Medical Conditions

Treating Your Child's Pain: Medical Procedures

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During certain medical procedures, your child may experience pain. These procedures can include having blood drawn, having breathing or feeding tubes put in, or lumbar punctures (spinal taps). Luckily, pain from these activities does not last long. Read on to find out how your child's pain from medical procedures can be managed.

Pain medicines

There are a wide variety of pain medicines that can control pain from procedures. In some cases, they are given before or during the procedure. Afterward, they may be needed for a few hours or days until the pain goes away.

Pain medicine is usually given to a child in a way that does not hurt. Most pain medicines are given in pill or liquid form or put into a vein through a small tube (IV). The decision about which one to use will depend on your child's age and the procedure your child is having.

There are 3 main types of medicine used for this type of pain.

  • Non-opioids such as acetaminophen and ibuprofen (Tylenol is one brand of acetaminophen. Advil and Motrin are brands of ibuprofen.)

  • Opioids such as codeine and morphine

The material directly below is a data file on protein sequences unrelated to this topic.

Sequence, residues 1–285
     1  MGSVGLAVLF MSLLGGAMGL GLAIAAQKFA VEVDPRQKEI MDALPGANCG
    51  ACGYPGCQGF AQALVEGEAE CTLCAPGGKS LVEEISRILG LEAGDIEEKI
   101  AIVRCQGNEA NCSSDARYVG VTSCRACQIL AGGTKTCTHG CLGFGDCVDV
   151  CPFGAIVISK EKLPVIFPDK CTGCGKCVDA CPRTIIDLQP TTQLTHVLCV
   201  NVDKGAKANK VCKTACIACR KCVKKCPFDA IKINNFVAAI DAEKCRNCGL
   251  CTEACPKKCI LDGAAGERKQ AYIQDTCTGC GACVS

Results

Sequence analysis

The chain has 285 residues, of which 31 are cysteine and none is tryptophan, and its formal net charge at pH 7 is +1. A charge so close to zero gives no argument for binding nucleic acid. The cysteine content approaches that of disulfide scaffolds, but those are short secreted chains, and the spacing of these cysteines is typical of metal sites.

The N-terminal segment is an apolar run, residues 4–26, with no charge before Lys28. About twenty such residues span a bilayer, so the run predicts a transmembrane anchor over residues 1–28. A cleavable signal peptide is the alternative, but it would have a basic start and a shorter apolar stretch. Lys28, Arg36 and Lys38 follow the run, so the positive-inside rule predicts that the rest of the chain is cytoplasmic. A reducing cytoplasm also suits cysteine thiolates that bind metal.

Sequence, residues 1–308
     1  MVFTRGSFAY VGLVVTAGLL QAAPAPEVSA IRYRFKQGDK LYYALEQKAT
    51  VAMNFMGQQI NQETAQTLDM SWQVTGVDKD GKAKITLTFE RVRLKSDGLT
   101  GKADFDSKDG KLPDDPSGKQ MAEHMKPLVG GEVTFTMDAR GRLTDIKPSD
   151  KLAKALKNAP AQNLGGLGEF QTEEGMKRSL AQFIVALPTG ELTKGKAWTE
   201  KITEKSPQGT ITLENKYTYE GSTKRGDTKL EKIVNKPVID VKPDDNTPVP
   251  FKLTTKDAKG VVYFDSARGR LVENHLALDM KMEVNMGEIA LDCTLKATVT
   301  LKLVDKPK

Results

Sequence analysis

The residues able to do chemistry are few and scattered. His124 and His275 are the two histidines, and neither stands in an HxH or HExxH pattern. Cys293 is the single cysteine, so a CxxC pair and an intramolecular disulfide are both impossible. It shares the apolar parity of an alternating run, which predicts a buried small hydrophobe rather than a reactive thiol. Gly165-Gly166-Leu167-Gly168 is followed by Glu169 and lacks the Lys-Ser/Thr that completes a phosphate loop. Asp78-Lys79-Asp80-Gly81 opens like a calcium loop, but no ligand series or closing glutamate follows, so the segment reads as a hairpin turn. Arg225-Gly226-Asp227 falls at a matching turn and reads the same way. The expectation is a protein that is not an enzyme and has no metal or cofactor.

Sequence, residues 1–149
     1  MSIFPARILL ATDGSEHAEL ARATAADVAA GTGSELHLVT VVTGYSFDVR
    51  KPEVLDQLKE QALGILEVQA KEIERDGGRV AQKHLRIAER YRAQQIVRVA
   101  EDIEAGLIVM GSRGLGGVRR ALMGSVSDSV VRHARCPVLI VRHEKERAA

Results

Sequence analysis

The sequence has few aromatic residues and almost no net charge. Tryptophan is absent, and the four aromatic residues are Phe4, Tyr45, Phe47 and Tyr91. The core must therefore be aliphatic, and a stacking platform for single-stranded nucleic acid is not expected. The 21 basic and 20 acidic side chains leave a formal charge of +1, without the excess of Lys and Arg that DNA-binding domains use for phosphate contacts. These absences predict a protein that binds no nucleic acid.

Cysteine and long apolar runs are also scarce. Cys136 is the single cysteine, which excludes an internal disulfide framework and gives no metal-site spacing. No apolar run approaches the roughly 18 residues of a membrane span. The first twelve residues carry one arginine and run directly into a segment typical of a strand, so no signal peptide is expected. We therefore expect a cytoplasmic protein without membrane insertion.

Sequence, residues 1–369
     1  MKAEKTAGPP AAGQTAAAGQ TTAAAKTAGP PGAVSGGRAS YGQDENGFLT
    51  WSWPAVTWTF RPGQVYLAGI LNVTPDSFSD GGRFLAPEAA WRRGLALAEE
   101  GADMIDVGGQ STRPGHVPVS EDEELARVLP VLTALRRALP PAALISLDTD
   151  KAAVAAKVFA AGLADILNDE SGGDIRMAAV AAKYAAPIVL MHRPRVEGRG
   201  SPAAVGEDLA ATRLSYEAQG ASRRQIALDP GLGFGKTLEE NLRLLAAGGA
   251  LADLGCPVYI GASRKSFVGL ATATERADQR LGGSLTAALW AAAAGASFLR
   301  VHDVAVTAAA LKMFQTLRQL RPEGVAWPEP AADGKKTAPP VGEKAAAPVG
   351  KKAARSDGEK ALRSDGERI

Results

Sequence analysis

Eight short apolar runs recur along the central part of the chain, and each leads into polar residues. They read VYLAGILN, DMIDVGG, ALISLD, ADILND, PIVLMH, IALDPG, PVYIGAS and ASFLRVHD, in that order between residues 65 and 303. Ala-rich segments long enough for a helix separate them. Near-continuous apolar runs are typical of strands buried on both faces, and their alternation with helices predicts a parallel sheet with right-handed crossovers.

• Topical and local anesthetics, such as lidocaine, and "numbing" creams

Other things you can try

Before and during painful procedures, try the following to help ease your child's pain:

  • Be in the room with your child. While there is no scientific proof that this will lessen your child's pain, it can lower your child's distress.

  • Distract your child. Blowing bubbles, listening to a story, listening to music or singing a song, playing with puppets, or playing a handheld video game may help take attention away from the pain.

  • Soothe your child. Give your baby a pacifier or a favorite object to hold. Massage, cuddle, or rock your child, or listen to soft music.

  • Let your child "help" with the procedure and make choices such as what color bandage to use.

  • Prepare your child. Before the procedure, let your child know what to expect using words she will understand. After the procedure, be sure to give plenty of praise and reassurance that she will be OK.

Managing pain at home

Once the procedure is done, you can help your child be as pain free as possible. Your child's doctor will give you information about how to continue using pain medicines at home. You can also continue to use some of the other pain relief methods listed previously. Be sure to call your child's doctor if your child's pain continues or gets worse.

Note: Products are mentioned for informational purposes only and do not imply an endorsement by the American Academy of Pediatrics.

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